It Is Not Easy Being Green
“It’s not easy being green.”
So said Kermit the frog way back when. As it turns out this muppet was way ahead of his time with the thought of being green. Many these days would be absolutely green with envy to have green-toned skin to match their environmentally green outlook.
Green (as seen in Photo 1) has as many meanings (often contradictory) as a word, as it does shades as a color. It is easy to understand why anything good for the environment is termed “green” and the Green Party is named as it is. Green is synonymous with nature, growth, and spring. The natural world reflects a multitude of green chroma and value combinations. Flora, such as grass, trees, flowers, jungles, forests, algae, seaweed, all consist of chlorophyll, the light absorbing molecule, which exhibits various shades of green (as seen in Photo 2). Fauna, such as frogs, fish, birds, crocodiles, lizards, snakes, insects, employ green color schemes that help camouflage them against their various green environs.
Viridis in Latin translates as green and is the root modern language variations of the word: vert, verdant, and verde. St. Patrick’s Day springtime celebrations are awash in the wearing of the green, and sprout symbols of hope like the lucky green shamrock and the pot of gold at the end of the rainbow.
On the other hand, green has also been chosen to symbolize just the opposite. When sick, one is said to “look a little green around the gills.” Green is also linked with death as Osiris, Egyptian God of the Dead, is depicted as green, as is devil in certain literary works. There’s the green-eyed monster (of jealousy) and being green with envy. Everyone knows the grass is always greener on the other side of the fence. A rookie might be referred to as being a little green, similar to unripe fruit.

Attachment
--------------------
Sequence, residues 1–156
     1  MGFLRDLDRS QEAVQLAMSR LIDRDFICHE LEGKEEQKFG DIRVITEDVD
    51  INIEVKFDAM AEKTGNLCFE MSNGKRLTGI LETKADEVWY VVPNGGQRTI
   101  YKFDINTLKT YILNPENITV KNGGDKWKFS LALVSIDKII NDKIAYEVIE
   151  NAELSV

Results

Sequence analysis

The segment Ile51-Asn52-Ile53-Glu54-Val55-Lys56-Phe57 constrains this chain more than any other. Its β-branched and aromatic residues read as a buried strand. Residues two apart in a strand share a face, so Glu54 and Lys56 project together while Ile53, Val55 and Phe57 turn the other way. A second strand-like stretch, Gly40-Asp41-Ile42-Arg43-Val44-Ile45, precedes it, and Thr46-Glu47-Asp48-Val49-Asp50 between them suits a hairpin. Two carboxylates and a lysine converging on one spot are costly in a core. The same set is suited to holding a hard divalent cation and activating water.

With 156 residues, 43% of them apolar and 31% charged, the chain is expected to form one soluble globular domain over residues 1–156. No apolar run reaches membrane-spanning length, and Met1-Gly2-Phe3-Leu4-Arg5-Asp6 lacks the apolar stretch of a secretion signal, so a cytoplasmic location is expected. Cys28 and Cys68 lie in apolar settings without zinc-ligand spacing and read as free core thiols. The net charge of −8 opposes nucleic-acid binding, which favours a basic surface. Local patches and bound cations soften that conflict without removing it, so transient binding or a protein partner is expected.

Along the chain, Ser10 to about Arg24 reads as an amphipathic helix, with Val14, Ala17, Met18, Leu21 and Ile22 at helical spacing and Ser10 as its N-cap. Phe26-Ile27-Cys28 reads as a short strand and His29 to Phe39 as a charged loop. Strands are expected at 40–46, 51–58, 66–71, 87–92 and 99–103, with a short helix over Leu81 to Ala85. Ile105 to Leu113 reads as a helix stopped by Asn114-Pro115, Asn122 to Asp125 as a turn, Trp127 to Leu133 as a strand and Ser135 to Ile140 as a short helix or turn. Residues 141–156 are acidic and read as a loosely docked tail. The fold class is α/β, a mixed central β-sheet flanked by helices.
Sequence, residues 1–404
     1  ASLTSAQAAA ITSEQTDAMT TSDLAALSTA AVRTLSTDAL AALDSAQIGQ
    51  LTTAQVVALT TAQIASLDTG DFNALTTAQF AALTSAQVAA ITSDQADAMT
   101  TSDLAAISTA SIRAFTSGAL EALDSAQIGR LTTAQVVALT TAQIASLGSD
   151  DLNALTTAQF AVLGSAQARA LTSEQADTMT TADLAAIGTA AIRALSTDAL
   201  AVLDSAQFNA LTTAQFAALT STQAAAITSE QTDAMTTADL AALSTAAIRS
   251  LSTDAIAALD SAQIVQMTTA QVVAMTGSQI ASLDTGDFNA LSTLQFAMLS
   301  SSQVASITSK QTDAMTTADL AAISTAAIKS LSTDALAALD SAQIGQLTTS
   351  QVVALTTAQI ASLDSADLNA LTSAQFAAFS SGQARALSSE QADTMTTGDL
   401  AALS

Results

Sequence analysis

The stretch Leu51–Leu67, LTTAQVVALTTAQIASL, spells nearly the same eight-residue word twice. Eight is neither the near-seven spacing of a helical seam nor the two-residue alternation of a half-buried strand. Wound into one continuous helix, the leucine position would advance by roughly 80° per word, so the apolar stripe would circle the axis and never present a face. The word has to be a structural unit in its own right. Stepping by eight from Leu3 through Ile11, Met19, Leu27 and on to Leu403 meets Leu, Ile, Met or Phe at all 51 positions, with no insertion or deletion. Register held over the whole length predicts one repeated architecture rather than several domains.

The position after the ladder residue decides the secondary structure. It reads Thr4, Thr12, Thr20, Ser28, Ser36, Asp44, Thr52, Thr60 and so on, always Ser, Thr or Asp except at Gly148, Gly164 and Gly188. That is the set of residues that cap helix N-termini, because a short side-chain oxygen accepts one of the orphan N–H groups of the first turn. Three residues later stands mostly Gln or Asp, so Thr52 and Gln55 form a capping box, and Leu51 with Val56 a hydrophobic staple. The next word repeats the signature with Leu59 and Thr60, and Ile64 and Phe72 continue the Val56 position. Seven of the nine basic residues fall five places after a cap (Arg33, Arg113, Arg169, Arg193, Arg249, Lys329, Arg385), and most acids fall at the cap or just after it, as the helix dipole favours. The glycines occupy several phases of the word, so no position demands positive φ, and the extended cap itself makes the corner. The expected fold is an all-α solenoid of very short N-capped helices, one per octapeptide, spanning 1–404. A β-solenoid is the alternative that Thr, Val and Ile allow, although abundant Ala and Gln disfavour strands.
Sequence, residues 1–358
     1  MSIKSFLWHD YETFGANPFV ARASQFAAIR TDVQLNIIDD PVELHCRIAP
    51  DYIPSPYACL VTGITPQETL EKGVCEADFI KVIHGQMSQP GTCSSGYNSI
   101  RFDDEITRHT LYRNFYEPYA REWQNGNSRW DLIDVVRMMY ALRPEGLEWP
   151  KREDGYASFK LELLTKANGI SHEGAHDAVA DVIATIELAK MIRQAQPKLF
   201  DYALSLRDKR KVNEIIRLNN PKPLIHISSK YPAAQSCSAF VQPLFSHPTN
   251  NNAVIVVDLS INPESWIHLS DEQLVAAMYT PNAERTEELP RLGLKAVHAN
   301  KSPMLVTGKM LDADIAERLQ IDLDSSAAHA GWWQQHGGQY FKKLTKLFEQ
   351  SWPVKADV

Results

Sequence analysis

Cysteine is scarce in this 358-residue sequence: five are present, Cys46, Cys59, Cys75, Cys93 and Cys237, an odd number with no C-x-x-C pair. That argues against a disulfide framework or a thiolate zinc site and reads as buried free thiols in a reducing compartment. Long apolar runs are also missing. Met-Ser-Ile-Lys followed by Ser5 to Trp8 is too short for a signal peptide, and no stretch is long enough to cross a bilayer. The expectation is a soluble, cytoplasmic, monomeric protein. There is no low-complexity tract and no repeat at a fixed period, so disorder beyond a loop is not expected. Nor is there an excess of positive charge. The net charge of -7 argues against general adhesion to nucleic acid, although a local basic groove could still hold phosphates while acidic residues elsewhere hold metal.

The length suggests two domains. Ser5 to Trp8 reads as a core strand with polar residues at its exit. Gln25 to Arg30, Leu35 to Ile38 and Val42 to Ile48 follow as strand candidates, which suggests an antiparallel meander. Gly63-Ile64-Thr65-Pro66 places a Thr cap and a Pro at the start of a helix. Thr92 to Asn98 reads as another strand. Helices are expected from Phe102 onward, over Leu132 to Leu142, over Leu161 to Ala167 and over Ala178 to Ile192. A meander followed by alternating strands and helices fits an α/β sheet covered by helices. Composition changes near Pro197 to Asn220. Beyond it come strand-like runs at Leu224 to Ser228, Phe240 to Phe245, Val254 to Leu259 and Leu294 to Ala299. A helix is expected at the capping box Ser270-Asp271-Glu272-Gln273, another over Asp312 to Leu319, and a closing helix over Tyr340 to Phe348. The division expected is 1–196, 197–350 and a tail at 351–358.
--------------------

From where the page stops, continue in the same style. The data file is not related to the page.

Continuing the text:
What about other cultures? Islam – green is good; Aztecs – green was a protector; British – unlucky for a wedding dress, but for the ancient Celts a symbol of fertility. In America, there’s Green Acres (the place to be) and greenbacks, as green is the color of money. Greed is only one letter away from green in this case.
Green is the color of the natural world and for creatures of the unnatural world. Aliens, little green men from mars, leprechauns, zombies, and dragons are all frequently green-colored. Green shades range from a pale, sickly gray-green to a bright, neon green, but rarely are they green’s complement, magenta.
Green means go and green means on--both relatively recent additions to the meaning of green as there were no traffic lights or LEDs until the 20th century. But green is also a cool color, used in institutional settings to soothe and calm.
Now we know how green is used to describe things, but how do we describe green? Newton’s color circle, RGB, hex, PANTONE, Munsel, CIELAB, CIELUV, XYZ, Ostwald, part of the visible spectrum of light, between 520–570 nanometers in wavelength, CI index, CMYK, and with any number of manufacturer’s descriptive names.
In light mixing, green is a primary color, along with red and blue as these three colors can be added together to create white. In mixing pigments, the subtractive system, green is relegated to secondary color status. White light hits a surface and certain wavelengths are absorbed (for example, cyan and yellow), and green is scattered resulting in what we see as green.
With all these ways to define color, the Color Index International provides one standardized reference for pigments. For example, PG7 is Pigment Green 7, also known as chlorinated copper phthalocyanine, phthalo green (blue shade), and by any number of brand names, such as Grumbacher’s own, Thalo Green (Blue Shade). Closely related are copper phthalocyanine (phthalo blue, PG 15) and chlorobrominated copper phthalocyanine (phthalo green [yellow shade], PG 36).
It sounds complicated, but chemically just the swapping out of an atom type makes the difference among the three. Phthalo blue includes hydrogen atoms. Phthalo green (blue shade) uses chlorine atoms. Phthalo green (yellow shade) uses a mixture of chlorine and bromine atoms).
PG 7 can be used as a base for many other greens. It’s lightfast; it resists fading with exposure to light over time. It has great tinting strength; a little goes a long way. It can be mixed to make any number of other greens that come in a tube—emerald, viridian, permanent green, cadmium green, Hooker’s green, permanent green light or yellow green, sap green, or olive green, to name a few.
So, as you can see, it really is easy being green, just difficult to decide which green you want to be.
Photos courtesy of Kristine Green